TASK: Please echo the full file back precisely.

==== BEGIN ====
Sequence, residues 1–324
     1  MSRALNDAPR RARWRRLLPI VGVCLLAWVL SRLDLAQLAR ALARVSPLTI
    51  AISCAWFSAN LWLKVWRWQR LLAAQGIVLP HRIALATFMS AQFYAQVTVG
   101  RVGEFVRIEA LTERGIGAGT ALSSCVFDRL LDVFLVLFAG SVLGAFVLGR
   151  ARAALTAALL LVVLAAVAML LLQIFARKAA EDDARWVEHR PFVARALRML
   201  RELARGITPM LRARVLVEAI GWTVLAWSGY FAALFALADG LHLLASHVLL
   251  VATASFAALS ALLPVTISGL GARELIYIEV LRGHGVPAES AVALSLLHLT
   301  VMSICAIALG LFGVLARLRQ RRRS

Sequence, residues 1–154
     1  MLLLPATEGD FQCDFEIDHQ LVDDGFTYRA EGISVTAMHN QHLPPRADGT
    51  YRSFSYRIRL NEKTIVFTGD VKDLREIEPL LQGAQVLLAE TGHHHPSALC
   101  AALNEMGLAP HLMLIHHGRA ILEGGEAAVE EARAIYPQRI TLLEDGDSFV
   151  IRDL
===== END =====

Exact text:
Sequence, residues 1–324
     1  MSRALNDAPR RARWRRLLPI VGVCLLAWVL SRLDLAQLAR ALARVSPLTI
    51  AISCAWFSAN LWLKVWRWQR LLAAQGIVLP HRIALATFMS AQFYAQVTVG
   101  RVGEFVRIEA LTERGIGAGT ALSSCVFDRL LDVFLVLFAG SVLGAFVLGR
   151  ARAALTAALL LVVLAAVAML LLQIFARKAA EDDARWVEHR PFVARALRML
   201  RELARGITPM LRARVLVEAI GWTVLAWSGY FAALFALADG LHLLASHVLL
   251  VATASFAALS ALLPVTISGL GARELIYIEV LRGHGVPAES AVALSLLHLT
   301  VMSICAIALG LFGVLARLRQ RRRS

Sequence, residues 1–154
     1  MLLLPATEGD FQCDFEIDHQ LVDDGFTYRA EGISVTAMHN QHLPPRADGT
    51  YRSFSYRIRL NEKTIVFTGD VKDLREIEPL LQGAQVLLAE TGHHHPSALC
   101  AALNEMGLAP HLMLIHHGRA ILEGGEAAVE EARAIYPQRI TLLEDGDSFV
   151  IRDL